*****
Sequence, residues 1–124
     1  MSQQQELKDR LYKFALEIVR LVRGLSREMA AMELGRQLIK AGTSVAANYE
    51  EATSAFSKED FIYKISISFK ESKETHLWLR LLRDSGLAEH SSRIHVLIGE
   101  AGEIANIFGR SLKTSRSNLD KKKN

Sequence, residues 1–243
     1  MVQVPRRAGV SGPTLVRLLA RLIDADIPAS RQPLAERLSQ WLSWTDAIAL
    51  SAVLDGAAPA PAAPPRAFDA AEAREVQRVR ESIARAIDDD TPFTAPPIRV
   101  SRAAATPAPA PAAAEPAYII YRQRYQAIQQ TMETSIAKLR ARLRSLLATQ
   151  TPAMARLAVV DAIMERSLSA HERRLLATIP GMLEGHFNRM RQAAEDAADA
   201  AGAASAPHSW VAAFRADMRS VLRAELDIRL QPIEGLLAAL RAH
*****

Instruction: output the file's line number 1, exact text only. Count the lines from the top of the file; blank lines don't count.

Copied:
Sequence, residues 1–124